3749. Robert Southey to Grosvenor Charles Bedford, 24 November 1821

3749. Robert Southey to Grosvenor Charles Bedford, 24 November 1821⁠* 

Keswick 24 Nov. 1821

My dear Grosvenor,

If you can send me <some> money, it will come at a seasonable time. – I am working hard, with the hope of good profit during the winter. Yesterday I sent off the first part of an article to Gifford, [1]  & as soon as it is finished, I shall take up the Book of the Church, [2]  write one more chapter in it, & then send it boldly to the press, sure that when I am so far on – that I shall push forward & get thro. The stimulus of necessity is not required to make me work, but it is required to make me stick to that which is profitable in preference to any other subject

Was there ever such weather! Livos, Notus & Auster [3]  seem all to have the wind-colic, – what a mercy that Boreas is not in the same condition.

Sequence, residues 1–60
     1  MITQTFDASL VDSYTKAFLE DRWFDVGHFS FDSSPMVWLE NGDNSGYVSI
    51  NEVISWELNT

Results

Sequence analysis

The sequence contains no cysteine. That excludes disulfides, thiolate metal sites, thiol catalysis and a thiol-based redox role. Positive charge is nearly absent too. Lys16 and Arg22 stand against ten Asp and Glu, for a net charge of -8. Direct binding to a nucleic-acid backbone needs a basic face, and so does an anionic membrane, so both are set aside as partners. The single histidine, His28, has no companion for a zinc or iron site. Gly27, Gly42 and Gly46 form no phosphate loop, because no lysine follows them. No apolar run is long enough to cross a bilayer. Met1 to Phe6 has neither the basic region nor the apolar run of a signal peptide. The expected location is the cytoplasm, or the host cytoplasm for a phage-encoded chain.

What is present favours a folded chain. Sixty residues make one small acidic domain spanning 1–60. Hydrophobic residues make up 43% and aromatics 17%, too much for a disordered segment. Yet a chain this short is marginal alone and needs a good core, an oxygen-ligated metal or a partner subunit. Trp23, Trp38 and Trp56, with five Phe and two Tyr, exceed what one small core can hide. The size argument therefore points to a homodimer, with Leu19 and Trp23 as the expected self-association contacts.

I threaten another letter to you for the purpose of farther displaying the inexhaustible richness of the Lingua-Grande. [4] 

God bless you



* Address: To/ G. C. Bedford Esqre/ Exchequer
Endorsement: 24 Novr. 1821/ Money
MS: Bodleian Library, MS Eng. Lett. c. 26. ALS; 2p.
Unpublished. BACK

[1] Southey reviewed Sara Coleridge’s An Account of the Abipones, an Equestrian People of Paraguay (1822) in Quarterly Review 26 (January 1822), 277–323. The book was a translation of Martin Dobrizhoffer (1717–1791), Historia de Abiponibus Equestri, Bellicosaque Paraquariae Natione (1784). BACK

[2] Southey’s The Book of the Church (1824). BACK

[3] Livos (or Lips) was the Greek god of the south-west wind; Notos and Auster were the gods of the south wind in Greek and Roman mythology, respectively. Boreas was the Greek god of the north wind. BACK

[4] Southey’s name for the language devised by his sister-in-law, Sarah Coleridge; see Southey to Stumparumper [Grosvenor Charles Bedford], 14 September 1821, Letter 3730. BACK

People mentioned

Gifford, William (1756–1826) (mentioned 1 time)

Places mentioned

Keswick (mentioned 1 time)